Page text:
- Replicating the sound effects achieved by the DJM-900nexus’s touch-sensitive X-Pad, the ‘FX Boost’ function allows the Level/Depth knob to work more proactively than a standard Wet/Dry Control. Turn the dial to the 12 o’clock mark for a fully wet effect and turn it further to add Pitch Up to Up Echo and a High-Pass Filter to the Reverb.

4.) EQ isolator on each channel

- Each channel is home to a three-band equalizer (+6 dB to -26 dB) or three-band isolator (+6 dB to -∞dB).

- Emulating the isolator on Pioneer’s installation-grade DJM-1000, the DJM-850’s equalizer straddles the range from -26 kill to complete kill.

5.) High-quality sound and familiar, industry-standard layout

- Pristine sound reproduction with reduced noise interference is guaranteed thanks to the DJM-850’s top-of-the-range components: a 32-bit output D/A convertor; a 32-bit digital signal processor; the separation of analogue and digital circuitry; and the shortest possible transmission path.

- The DJM-850’s interface mirrors the user-friendly layout of Pioneer’s club-standard mixers for ultimate familiarity, wherever DJs perform.

6.) Durable build for DJs who love to play

- The internal parts of the DJM-850’s high-performance faders are nestled well out of harm’s way, so drink spillages aren’t the disaster they are with other mixers.

- Pioneer’s P-Lock Fader Caps prevent the faders from slipping off accidentally during rough use.

7.) Other features

- Fully MIDI assignable, the DJM-850 also serves as a MIDI controller.

- The USB port is conveniently located on top of the mixer so DJs can easily switch between connectable devices.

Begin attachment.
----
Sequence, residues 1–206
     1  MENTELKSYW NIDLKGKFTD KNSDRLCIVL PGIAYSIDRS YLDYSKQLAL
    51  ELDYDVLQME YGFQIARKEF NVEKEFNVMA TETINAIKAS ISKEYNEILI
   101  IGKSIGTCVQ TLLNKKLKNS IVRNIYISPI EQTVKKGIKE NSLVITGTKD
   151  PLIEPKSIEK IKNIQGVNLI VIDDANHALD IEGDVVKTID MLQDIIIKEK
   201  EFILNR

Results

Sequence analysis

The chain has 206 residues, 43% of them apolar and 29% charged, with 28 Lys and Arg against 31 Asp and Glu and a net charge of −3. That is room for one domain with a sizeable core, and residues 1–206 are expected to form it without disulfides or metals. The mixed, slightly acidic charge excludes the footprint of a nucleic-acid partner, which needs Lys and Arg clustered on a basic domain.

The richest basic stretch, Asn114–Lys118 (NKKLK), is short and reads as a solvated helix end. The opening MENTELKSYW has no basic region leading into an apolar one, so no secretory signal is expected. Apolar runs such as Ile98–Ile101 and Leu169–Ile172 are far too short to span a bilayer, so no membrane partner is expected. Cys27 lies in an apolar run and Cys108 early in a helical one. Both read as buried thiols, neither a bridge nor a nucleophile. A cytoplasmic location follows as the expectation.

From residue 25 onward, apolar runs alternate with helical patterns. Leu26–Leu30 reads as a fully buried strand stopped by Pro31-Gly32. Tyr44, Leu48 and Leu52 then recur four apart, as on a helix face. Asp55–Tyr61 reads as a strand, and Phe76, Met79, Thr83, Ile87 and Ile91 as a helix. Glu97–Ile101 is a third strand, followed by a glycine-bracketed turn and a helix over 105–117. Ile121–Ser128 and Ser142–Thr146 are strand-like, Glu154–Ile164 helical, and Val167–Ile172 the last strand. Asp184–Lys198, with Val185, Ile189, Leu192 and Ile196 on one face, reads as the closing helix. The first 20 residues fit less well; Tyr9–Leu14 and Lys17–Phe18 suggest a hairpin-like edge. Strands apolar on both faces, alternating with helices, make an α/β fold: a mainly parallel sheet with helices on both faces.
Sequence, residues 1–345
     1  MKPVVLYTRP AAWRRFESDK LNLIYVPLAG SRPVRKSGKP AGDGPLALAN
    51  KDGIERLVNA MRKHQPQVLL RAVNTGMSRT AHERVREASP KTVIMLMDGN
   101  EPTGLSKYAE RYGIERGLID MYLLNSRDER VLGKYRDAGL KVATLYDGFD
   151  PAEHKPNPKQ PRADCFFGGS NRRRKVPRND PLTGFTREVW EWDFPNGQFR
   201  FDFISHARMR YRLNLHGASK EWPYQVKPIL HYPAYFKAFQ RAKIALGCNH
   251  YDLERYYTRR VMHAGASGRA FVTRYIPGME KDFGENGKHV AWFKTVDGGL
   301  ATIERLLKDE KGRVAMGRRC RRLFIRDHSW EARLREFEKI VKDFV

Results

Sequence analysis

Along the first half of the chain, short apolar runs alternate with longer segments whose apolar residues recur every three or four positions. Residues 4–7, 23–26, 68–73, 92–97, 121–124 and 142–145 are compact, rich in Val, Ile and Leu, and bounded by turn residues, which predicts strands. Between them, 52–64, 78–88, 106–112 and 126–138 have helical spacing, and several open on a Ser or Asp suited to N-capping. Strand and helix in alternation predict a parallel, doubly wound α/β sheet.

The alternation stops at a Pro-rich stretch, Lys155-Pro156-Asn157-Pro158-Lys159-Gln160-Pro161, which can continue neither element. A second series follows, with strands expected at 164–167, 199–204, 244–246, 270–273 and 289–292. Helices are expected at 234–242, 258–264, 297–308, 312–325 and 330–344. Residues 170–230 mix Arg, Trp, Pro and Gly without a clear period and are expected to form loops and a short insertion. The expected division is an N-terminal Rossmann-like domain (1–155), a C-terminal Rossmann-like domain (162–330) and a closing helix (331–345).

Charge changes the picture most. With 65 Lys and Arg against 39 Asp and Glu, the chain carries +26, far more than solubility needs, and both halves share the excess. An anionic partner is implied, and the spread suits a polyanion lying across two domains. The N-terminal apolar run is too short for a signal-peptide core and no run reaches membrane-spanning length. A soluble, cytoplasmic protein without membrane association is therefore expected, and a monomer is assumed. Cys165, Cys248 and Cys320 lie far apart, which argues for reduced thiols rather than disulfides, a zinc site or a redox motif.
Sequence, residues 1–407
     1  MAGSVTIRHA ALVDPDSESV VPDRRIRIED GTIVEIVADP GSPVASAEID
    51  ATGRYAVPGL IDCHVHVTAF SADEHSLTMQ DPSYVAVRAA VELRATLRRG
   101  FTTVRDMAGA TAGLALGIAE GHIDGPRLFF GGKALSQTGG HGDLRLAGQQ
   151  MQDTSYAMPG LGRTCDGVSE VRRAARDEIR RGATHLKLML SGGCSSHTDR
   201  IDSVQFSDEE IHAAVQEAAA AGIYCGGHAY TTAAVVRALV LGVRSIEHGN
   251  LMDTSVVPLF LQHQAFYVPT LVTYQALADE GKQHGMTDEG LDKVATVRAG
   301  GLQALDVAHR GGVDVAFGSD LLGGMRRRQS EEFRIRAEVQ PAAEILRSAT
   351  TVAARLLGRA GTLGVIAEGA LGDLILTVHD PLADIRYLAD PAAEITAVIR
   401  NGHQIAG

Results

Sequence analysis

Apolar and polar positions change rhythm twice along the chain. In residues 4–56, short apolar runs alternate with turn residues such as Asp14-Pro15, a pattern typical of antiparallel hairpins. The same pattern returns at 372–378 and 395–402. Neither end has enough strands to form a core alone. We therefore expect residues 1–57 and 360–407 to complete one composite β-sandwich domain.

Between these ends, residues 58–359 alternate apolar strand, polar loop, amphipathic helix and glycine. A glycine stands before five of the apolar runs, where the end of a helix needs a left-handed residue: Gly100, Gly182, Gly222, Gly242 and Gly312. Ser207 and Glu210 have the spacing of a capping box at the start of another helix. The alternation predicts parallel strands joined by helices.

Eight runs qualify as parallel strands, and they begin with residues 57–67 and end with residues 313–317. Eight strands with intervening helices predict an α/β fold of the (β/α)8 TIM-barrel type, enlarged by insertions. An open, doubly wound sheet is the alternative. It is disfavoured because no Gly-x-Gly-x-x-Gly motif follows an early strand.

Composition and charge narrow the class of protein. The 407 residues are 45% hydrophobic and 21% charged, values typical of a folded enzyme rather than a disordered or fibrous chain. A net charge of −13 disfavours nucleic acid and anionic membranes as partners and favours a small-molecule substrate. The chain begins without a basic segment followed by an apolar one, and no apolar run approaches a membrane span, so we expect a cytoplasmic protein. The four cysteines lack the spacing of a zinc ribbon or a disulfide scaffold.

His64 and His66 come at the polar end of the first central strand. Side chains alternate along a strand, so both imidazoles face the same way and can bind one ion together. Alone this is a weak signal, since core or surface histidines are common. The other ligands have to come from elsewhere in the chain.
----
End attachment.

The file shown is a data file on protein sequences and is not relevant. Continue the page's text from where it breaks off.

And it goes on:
- The mixer automatically reverts to standby mode if it is not used for a set period of time 


Number of channelsAudio 4-channel, MIC 2-channel
InputsCD/Line x 4 (RCA), Line x 2 (RCA), Phono x 2 (RCA)

MIC x 2 (XLR and 1/4-inch Jack combined use x 1, 1/4-inch Jack x 1)
OutputsMaster Out x 2 (RCA x 1, XLR x 1)

Booth Out x 1 (1/4-inch Jack)

Headphone Monitor Out x 1 (top side 1/4-inch Jack)

REC Out x 1 (RCA)

Digital Out x 1 (Coaxial)
Other portsSend x 1 (1/4-inch Jack), Return x 1 (1/4-inch Jack)

MIDI Out x 1 (5P DIN), USB x 1 (top side B port), Control x 4 (Φ 3.5 mm mini-jack)
Sampling rate96 kHz
D/A converter32 bit
A/D converter24 bit
Frequency response20 Hz - 20 kHz
Total harmonic distortionMax. 0.004%
S/N ratioMin. 106 dB (Line)
Headroom19 dB
Power useAC 220 - 240 V (50 Hz/60 Hz)
Electricity consumption30 W
Maximum external dimensions

(W x H x D)
320 × 108 x 381 mm
Mass7.7 kg

So the 800 dun gone digital.
Looks like Pioneer are drawing a new line in the sand with this. Apparently the 850 is for "home and mobile", leaving the 900Nexus to be the standard club install. The main difference as I see it is the Pro DJ Link, which from a mixer perspective means that beat effects are synchronised in a better way and not much else. The 900Nexus also offers more in the way of inputs too.

One big thing here is the addition of USB. The DJM-800 was a MIDI mixer, but it lacked a USB port to make connection to your computer simple, and instead depended on 5 Pin DIN connector, which has been retained for those who have already invested in adaptors. Unlike other mixers, the USB port is on the faceplate. Makes sense to me as many installed mixers don't always offer easy access to the rear cabling. And it means that you don't run the risk of unplugging channels or power accidentally mid-set. But it's not as neat.

To me, the 850 is a logical upgrade to the 800. It adds USB connectivity, something that is essential these days, and with it comes Traktor certification, as does internal operation with all DVS systems except Scratch Live. Effects also get some love too, although I suspect that most people couldn't do justice to the 800's, let alone giving them even more to play with.

The upgrade was needed, but now make the decision between an 850 and a 900 harder, especially as this upgrade adds £200 to the price, and only leaves £300 between the 850 and 900Nexus. Are the Pro DJ Link and some digital ins and beat colour effects so important for the mixer that it's the deal breaker? If I were stood in front of the 850 and 900, I wouldn't know which one to get. Undoubtedly amazing mixers, but I cannot help but think that there needs to be a clearer line between them.